You Are Now A Woman

What marks the transition from girlhood into womanhood?  Is it related to age or experience?  I know a lot of women who are uncomfortable using the word “woman” to describe themselves, but somehow girl doesn’t quite seem to fit either.  Men have an easy in between word of “guy.”  You have the option of using boy or man, and if you are unsure, guy suffices for both.  What about women?  I suppose “gal” would be the “guy” equivalent, but it feels different.  I’ve heard “lady” used before too, but that often comes with completely different connotations.  Women seem to be stuck with girl or woman.  So, what’s the difference?  I myself even felt a little uncomfortable when I decided to change my language when referring to myself.  It felt weird calling myself a woman, but I knew I wasn’t a girl anymore.  I had entered adulthood.

What really bothers me is the double standard of it all.  In a speech class I took in college the professor refered to it as un-parallel language.  Ever since then I’ve noticed it when adults, both men and women, refer to men as men and women as girls.  It is extremely troublesome to me.  Boys are being called men before girls are being called women.  So what is it that makes a boy a man before a girl is a woman?  Several things come to mind, though I am in no way claiming to have the answer.  The first thing I think of is the infantalization of women, and the second is the sexualization of girls.  But ironically that’s not what I want to talk about.  Maybe I’ll tackle it in my next post.  I want to go back to what I started with, what marks the transition into womanhood.

Not too long ago a friend on mine got married.  I had to miss her wedding due to work so I did what any good friend would do; I Facebook stalked her, both to congratulate her and to vicariously enjoy the wedding through pictures others had posted.  As I was perusing her wall a post caught my attention.  It said, “You are now a woman” and that was it.  (Actually it said “You. Are now. A woman.” because grammar and sentence structure don’t count on Facebook, but that’s besides the point.)  I stopped reading and stared at the post.  The longer I stared at it the more upset I became.  I was upset that marriage was being used as the milestone into womanhood.  As someone who, at this point in time, is thoroughly enjoying being single and has little interest in marriage, I was even a little offended by this post.  As I shared in an earlier post, I have recently moved to a larger city.  Since moving I have been able to connect with several other single women.  And I say women quite intentionally, because that’s what they are.  Some of them are the other professionals I work with and others I have met along the way.  One in particular is a family friend who is middle-aged.  And she is not married.  The thought that this excludes her from joining the ranks of womanhood is jarring to me.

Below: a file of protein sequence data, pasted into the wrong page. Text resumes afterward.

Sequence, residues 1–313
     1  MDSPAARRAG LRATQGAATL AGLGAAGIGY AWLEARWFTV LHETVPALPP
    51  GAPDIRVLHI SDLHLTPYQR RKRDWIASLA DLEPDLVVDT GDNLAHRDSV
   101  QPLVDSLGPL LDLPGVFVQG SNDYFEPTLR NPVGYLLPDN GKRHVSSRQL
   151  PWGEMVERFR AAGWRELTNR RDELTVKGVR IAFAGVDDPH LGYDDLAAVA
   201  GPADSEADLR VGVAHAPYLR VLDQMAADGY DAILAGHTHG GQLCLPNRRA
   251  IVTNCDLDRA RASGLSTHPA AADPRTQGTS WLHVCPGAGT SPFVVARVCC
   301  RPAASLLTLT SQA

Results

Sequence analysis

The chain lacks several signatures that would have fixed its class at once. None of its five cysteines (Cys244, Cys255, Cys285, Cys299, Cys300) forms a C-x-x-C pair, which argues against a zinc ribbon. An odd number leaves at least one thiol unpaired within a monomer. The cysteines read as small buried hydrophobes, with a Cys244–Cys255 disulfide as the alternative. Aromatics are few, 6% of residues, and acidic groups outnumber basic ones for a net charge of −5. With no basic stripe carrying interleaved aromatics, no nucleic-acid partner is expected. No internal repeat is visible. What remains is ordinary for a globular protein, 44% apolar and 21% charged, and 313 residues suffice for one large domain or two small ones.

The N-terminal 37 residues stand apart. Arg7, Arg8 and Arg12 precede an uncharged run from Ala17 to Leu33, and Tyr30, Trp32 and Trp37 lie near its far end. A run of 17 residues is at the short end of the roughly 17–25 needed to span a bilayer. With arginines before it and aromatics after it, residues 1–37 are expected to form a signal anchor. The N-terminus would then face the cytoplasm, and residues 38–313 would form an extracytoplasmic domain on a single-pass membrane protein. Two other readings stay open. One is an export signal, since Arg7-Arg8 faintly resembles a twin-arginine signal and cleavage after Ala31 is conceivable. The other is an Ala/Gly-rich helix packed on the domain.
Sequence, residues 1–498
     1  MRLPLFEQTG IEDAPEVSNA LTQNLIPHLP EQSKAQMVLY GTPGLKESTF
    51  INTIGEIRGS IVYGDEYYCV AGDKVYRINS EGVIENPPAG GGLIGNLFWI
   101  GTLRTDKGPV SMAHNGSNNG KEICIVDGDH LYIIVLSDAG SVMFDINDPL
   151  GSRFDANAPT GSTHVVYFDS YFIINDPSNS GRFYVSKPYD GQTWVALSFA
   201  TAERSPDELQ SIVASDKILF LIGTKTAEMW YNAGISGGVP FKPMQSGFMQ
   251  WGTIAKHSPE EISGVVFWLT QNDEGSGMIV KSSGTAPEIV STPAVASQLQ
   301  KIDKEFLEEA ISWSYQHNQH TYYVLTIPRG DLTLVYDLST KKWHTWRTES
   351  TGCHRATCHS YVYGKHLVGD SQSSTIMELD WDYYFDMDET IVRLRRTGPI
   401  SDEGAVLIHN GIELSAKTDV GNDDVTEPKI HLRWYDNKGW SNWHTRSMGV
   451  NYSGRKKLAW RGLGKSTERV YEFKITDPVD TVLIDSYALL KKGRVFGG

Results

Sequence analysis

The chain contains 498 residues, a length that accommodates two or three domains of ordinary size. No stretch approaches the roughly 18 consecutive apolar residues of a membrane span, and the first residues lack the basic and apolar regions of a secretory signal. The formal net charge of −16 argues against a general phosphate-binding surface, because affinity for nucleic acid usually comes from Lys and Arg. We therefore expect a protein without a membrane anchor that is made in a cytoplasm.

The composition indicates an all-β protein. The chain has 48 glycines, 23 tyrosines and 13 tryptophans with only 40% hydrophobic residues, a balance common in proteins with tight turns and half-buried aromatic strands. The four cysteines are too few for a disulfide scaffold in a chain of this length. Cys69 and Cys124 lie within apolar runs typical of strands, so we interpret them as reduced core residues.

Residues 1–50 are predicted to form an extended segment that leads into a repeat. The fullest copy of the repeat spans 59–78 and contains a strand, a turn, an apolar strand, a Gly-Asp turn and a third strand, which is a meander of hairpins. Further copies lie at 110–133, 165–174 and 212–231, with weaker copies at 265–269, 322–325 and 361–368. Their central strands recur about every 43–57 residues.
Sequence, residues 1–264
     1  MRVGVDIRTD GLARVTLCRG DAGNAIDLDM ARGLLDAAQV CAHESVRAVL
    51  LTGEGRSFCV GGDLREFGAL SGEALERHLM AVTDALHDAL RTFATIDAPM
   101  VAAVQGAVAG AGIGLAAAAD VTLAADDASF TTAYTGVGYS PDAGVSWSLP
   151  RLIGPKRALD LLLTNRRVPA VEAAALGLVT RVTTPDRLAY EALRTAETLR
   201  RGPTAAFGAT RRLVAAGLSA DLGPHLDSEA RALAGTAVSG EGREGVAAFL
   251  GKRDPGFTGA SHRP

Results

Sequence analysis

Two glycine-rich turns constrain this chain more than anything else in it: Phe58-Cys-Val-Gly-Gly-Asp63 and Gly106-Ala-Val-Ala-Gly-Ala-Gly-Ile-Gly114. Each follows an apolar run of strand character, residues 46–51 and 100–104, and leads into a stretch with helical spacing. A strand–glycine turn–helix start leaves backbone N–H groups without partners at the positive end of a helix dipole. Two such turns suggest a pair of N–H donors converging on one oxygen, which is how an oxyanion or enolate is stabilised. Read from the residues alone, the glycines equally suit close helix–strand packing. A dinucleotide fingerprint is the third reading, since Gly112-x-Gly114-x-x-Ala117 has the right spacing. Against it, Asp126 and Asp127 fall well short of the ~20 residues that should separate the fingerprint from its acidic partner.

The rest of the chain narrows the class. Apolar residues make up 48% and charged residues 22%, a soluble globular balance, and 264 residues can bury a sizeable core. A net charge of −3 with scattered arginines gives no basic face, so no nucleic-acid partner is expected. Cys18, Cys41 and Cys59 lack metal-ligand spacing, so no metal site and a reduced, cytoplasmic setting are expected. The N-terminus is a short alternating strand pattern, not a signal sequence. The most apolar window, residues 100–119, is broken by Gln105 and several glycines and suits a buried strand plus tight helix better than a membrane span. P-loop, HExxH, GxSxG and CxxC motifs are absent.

By using marriage as the defining factor in becoming a woman so many are being excluded.  Marriage is not a requirement.  And if you are married it doesn’t mean that you have somehow become a bona-fide adult.  Going to a small christian college where the saying “ring by spring” is popular means that most of my friends got married in college or right out of it.  What really blew my mind is when they got married after freshman year.  To be perfectly honest I feel like some of them are just “playing house.”  I do not feel like they’ve necessarily made “the transition” yet.  So why are young, married women being included and older, single ones not?  There is something wrong with this picture.

We are perhaps glorifying marriage.  There are very real consequences to this.  Some I have felt myself.  Without a husband sometimes I have to fight a little harder to be taken seriously.  I’ve been called selfish for not wanting to get married (or have children).  I am always a little surprised by how much other people care about my relationship status.  It’s often the first question I get asked when meeting a complete stranger, or catching up with an old friend I haven’t seen in years.  My favorite was when I turned 21 my grandfather, whom I love very much, told me I was now too old and no one would want me.  He has since just given up on me I think.  🙂

Just because I have made the choice to remain single does not mean I am not a woman.  It also does not mean that I don’t deserve to be treated with respect and taken seriously.

 

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6 thoughts on “You Are Now A Woman

  1. Liz says:

    So well said. Thanks for sharing!

  2. BroadBlogs says:

    I wish we had an in-between term for both males and females who are no longer girls/boys, while women/men still seems too grown up.

  3. […] church, and went to a small, fairly conservative, Christian University.  All of these things add up to early marriage.  Almost all of the women in my family were married before the age of 22.  My mother was 19 and […]

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